Showdown at Goat Gate

"Are there no Serbs in this room?" thundered Alexander Vasilevich Konuzin, Russia’s Ambassador to Belgrade, before the shocked audience at the Serbian capital’s Army House. It was Thursday, September 15, and the first reports began coming in of NATO’s movements to seize "customs posts" in the north of occupied Kosovo and turn them over to the self-proclaimed ethnic Albanian government.  Yet nobody at the "international security" conference, organized by NGOs lavishly funded by EU and U.S. taxpayers, had said so much as a word. Not even the president of Serbia, Boris Tadic, who had given the opening speech.

After listening to hours of pointless prattle, Konuzin had had enough. He paced as he addressed the hostile crowd, blasting their slavish devotion to powers that sought to dismember Serbia. "We have common interests, and we will defend the country even though it seems that some Serbs wish to see their country under foreign control," Konuzin concluded. Interrupted by the moderator and not allowed to continue, Russia’s Ambassador left the hall.

Illegal and Criminal

Meanwhile, NATO’s Secretary-General Anders Fogh Rasmussen flew into the occupied province to personally support the much-heralded plan by the "government" of Hashim Thaci to "restore law and order" to the sliver of province still inhabited by Serbs. There would be "no turning back," Rasmussen announced, and echoing the words of "Prime Minister" Thaci, declared that NATO would not "back away from illegal and criminal structures."

By this he meant the remaining Serb institutions in the province Thaci and his backers claim is a sovereign state — yet it is Thaci’s regime that matches the description. Kosovo was seized from Serbia in a manifestly illegal and illegitimate war, occupied under a flimsy pretext of a UN resolution (that the Empire and its allies have shamelessly violated over the years) and eventually declared independent in a way that simply defied logic as well as law. And that’s without even considering that Thaci and his entire establishment — descended from the terrorist KLA – stand accused of being an organized crime syndicate involved in drug-running, sex slavery and trafficking of human organs harvested from tortured and murdered prisoners.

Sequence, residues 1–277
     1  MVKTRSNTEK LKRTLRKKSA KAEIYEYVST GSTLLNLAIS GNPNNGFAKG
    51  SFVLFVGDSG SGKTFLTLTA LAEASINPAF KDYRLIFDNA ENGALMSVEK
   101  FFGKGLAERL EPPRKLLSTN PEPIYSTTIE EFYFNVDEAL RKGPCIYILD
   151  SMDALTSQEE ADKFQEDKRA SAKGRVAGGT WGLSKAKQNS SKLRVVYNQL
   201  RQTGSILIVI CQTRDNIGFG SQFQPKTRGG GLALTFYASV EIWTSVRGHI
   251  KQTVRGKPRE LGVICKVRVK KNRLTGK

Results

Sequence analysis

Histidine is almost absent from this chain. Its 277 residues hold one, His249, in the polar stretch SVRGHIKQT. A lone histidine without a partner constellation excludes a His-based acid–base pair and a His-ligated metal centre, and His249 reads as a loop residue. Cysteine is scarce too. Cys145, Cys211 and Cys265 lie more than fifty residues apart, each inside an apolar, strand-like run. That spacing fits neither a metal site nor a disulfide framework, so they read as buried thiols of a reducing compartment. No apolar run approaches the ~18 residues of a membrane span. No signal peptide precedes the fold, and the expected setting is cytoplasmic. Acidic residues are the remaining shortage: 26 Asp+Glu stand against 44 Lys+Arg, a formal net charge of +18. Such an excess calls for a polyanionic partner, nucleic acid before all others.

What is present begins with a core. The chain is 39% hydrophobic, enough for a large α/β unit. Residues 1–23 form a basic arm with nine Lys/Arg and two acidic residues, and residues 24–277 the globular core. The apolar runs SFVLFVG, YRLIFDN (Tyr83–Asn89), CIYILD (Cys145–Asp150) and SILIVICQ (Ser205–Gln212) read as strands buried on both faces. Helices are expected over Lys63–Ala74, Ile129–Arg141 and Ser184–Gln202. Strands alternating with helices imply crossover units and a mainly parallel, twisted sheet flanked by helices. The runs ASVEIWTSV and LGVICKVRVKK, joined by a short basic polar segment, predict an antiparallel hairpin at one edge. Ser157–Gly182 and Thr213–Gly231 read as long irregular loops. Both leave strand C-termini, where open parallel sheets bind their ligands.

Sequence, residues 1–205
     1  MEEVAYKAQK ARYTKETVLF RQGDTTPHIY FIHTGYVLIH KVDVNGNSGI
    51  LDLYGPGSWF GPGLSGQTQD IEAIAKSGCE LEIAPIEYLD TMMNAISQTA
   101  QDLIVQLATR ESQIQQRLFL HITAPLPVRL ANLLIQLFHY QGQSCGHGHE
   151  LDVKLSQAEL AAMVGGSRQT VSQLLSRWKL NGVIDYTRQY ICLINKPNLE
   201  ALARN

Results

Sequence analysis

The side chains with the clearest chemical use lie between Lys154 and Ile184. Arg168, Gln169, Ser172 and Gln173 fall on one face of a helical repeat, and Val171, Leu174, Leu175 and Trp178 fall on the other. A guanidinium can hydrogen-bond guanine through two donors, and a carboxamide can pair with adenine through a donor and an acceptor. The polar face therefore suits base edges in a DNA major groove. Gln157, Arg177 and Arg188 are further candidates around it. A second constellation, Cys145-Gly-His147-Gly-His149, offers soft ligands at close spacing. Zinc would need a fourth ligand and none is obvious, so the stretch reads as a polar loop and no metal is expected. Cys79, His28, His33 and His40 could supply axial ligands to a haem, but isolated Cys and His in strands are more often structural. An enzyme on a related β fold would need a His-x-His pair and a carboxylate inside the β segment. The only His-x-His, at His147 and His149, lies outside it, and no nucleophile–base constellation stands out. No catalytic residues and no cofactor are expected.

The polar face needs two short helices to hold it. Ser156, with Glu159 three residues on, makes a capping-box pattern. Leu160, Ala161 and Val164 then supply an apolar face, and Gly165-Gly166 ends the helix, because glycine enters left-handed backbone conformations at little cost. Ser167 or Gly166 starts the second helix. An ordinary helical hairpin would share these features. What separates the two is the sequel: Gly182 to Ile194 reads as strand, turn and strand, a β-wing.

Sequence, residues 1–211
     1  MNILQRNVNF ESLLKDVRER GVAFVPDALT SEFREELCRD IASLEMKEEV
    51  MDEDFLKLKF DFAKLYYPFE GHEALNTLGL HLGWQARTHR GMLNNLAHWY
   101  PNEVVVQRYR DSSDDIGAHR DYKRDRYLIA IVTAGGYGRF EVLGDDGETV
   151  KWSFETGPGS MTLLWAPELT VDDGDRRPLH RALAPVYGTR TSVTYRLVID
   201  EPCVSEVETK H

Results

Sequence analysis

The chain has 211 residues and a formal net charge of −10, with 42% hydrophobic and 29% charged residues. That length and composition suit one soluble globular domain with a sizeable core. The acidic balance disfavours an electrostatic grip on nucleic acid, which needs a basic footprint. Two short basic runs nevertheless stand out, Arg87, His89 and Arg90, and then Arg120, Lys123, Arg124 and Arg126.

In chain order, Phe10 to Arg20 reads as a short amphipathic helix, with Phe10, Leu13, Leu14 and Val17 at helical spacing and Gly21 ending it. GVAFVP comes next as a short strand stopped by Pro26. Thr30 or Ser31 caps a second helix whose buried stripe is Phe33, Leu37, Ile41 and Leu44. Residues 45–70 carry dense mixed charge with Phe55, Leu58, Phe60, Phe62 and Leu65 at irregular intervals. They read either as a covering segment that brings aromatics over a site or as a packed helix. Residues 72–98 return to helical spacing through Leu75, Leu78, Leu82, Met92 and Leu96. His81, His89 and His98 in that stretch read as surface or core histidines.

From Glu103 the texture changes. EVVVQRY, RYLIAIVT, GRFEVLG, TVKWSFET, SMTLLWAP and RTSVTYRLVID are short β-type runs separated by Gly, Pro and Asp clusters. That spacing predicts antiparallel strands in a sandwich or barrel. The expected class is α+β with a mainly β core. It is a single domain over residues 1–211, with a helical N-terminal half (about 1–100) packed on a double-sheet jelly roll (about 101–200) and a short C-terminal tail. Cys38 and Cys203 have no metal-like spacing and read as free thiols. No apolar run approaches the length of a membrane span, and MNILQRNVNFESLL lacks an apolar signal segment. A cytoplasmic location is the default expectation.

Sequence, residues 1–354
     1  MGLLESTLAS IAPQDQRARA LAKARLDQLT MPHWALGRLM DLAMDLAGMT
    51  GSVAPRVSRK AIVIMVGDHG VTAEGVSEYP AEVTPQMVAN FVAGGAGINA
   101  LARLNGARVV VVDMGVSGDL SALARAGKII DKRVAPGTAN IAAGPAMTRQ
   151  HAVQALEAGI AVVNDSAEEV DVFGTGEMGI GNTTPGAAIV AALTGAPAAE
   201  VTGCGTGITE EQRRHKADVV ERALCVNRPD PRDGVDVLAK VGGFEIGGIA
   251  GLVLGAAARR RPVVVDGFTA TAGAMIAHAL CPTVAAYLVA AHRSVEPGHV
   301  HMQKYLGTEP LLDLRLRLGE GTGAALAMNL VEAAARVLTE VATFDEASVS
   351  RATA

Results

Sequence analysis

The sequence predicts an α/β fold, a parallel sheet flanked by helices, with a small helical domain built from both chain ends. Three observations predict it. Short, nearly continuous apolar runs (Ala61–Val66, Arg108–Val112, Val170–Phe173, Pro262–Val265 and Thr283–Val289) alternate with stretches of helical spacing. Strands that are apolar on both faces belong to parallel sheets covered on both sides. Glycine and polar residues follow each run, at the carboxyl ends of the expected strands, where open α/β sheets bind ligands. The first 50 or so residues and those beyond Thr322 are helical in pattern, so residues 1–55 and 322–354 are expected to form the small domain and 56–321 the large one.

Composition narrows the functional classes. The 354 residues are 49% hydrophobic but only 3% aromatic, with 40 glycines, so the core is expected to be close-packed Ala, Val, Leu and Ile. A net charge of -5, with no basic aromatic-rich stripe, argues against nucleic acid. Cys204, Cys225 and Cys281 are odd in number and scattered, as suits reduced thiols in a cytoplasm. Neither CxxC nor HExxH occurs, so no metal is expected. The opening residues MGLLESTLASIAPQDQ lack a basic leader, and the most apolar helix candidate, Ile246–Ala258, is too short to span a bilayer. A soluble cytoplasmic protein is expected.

Outlaws International

All of this has happened before. At the end of July, Thaci sent his Special Forces to seize two checkpoints — Jarinje ("Goat gate") and Brnjak — at the administrative line between Kosovo and the rest of Serbia, located in the Serb-inhabited north. Officially it was a bid to establish proper customs controls at what Pristina claims it is an international border. In practice, however, it was a ploy to cut off the Serb-inhabited north from its lifeline, and end its 12-year resistance to KLA rule. Either way, it failed miserably.

Heralded as a "law and order" operation, there was nothing legal or orderly about it. Worse yet, Thaci’s thugs were aided by EU’s "legal assistance" mission (EULEX) and NATO’s "peacekeepers" (KFOR), supposedly "status neutral" institutions that had to be in compliance with UNSCR 1244. In the words of former UN official Gerard Galucci back in July, "When the international peacekeepers act outside international law, they become outlaws."

According to Galucci, the "chief threat to security" is actually NATO, whose behavior in support of Thaci constitutes "anti-peacekeeping." As for the self-appointed guardians of Kosovo, they are sowing the wind:

"The Quint [U.S., UK, Germany, France, and Italy] is either bluffing, prevaricating with the Kosovo Albanians, or totally abandoning the UN peacekeeping mandate under which their agents — KFOR & EULEX — are in Kosovo. Whichever turns out to be true, they are acting shamefully." 

Galucci is not naïve; he knows KFOR and UNMIK have violated 1244 in the past — but never to this extent, and never so openly.

It ought to be noted that KFOR’s principal role in the province was never to protect the Serbs from the rampaging Albanians, but to protect the Albanians from Yugoslav and Serbian authorities. Even though KFOR has saved many Serb lives over the years, its mission has always been to serve the interests of Hashim Thaci, insofar as they coincided with those of the Empire. UNSCR 1244 was just the fig leaf allowing NATO a measure of modesty; now that UNSCR 1973 has essentially been used as a condom during the Rape of Libya, even that is being dispensed with.

A Threat to Tadic

Having installed Boris Tadic as the President of Serbia in 2004, and engineered his complete control of Serbian politics in 2008, the Empire has come to rely on near-absolute obedience of its quislings in Belgrade. Yet even Tadic and his cronies are now pleading with the Empire to stop Thaci, as the events in Kosovo are seriously threatening their survival.